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Shoppers’ attitudes towards personalised advertising in the physical environment

   Brunel Business School

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  Dr A Canhoto  Applications accepted all year round  Self-Funded PhD Students Only

About the Project

The retail industry has seen dramatic changes, as a result of digitalization. Digital technology offered retailers the opportunity to capture data and develop insight about their customers, and to improve efficiency. However, it also led to the emergence and expansion of a new breed of competitors that, because they operate online only, can offer a wider range of products, more conveniently and less expensively than their high-street counterparts. Moreover, digitalization changed how consumers find product information, and make purchases, leading, in particular, to the emergence of the showrooming phenomenon, whereby customers visit a physical store to learn about the product or try it on, but then buy it online from a competitor.

Beacon technology has been heralded by retail experts as the “most important retail technology since the mobile credit card reader”. It can bring to the physical environment benefits of online commerce such as pre-ordering, queue avoidance, customization, or remembering customer preferences. It could also help physical retailers counter showrooming or, even, lure back customers that have shunned physical stores altogether. These benefits might accrue because beacon technology allows high-street retailers to deliver targeted offers which reflect the customers’ context (e.g., their location or behaviour), which get noticed amid the noise of other communications, which develop customer intimacy, and which increase involvement with the brand. Yet, research that investigates, empirically, consumers’ perceptions and use of beacons is very limited in both number and scope. Research is needed to address the lack of empirical, consumer-focused research on consumers’ perception of beacons, and the delivery of personalised advertising in physical stores.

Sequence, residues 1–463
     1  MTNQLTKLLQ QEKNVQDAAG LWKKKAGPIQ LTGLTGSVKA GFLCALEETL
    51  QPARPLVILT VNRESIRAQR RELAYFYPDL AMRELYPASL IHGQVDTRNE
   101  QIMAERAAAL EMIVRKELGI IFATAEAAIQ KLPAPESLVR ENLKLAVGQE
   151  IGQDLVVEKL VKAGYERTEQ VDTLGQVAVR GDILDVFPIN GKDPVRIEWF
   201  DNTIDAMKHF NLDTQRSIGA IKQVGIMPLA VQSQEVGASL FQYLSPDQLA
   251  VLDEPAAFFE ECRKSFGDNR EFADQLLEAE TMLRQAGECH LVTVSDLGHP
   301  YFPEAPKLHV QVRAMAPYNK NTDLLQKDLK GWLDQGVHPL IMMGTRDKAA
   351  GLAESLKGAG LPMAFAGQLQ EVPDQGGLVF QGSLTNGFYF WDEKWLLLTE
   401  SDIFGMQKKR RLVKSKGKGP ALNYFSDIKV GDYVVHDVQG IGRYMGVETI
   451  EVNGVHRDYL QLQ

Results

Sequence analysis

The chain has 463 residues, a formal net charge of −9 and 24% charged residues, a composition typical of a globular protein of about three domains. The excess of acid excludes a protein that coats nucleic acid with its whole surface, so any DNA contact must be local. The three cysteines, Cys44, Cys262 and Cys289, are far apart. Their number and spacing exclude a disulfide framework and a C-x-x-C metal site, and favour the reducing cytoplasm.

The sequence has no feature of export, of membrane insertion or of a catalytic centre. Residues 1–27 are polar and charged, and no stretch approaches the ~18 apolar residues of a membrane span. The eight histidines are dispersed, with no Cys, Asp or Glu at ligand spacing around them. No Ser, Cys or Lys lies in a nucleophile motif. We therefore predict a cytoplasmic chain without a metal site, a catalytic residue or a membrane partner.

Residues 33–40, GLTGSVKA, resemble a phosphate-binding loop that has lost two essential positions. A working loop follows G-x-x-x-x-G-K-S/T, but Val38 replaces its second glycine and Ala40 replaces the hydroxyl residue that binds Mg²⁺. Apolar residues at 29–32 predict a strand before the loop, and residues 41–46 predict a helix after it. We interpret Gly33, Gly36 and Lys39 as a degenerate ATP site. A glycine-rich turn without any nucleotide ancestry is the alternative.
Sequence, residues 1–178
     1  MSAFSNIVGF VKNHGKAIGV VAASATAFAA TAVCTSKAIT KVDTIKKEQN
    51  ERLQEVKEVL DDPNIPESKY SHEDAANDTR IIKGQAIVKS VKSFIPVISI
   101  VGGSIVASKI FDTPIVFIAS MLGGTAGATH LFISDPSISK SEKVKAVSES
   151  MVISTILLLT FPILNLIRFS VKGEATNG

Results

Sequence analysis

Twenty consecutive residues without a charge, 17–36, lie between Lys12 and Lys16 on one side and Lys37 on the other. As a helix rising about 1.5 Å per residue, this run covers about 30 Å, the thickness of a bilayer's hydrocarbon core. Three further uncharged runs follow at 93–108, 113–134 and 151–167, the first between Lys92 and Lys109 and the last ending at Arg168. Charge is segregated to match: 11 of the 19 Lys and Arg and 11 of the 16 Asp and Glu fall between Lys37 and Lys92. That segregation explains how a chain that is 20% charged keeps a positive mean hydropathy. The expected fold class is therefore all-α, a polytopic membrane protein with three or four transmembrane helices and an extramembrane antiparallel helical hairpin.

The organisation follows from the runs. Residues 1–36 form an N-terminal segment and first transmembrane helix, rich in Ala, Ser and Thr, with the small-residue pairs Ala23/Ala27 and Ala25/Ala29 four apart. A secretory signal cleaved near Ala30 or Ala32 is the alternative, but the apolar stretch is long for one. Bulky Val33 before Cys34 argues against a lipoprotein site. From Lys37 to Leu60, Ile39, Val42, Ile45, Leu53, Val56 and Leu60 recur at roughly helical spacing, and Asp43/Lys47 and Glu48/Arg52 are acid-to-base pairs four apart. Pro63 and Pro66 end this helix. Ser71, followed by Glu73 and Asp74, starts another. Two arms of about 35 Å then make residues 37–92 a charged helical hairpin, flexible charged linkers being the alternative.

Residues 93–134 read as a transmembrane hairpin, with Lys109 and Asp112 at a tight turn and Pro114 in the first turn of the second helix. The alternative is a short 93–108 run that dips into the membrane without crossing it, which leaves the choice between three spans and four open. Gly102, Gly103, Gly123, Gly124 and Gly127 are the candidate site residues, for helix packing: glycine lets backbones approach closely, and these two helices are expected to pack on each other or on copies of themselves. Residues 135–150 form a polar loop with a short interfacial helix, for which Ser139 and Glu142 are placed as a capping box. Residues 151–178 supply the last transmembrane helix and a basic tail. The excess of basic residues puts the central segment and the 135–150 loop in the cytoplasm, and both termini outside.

The empirical setting for the project is flexible. It can be either utilitarian, low-involvement settings or hedonic, high-involvement ones. Though, candidates are expected to carefully consider and justify the empirical focus of their work. The research design will require the use of mixed methods, including in-depth interviews, observations and either experiments or surveys.

Funding Notes

Brunel offers a number of funding options to research students that help cover the cost of their tuition fees, contribute to living expenses or both. See more information here: Recently the UK Government made available the Doctoral Student Loans of up to £25,000 for UK and EU students and there is some funding available through the Research Councils. Many of our international students benefit from funding provided by their governments or employers. Brunel alumni enjoy tuition fee discounts of 15%.)

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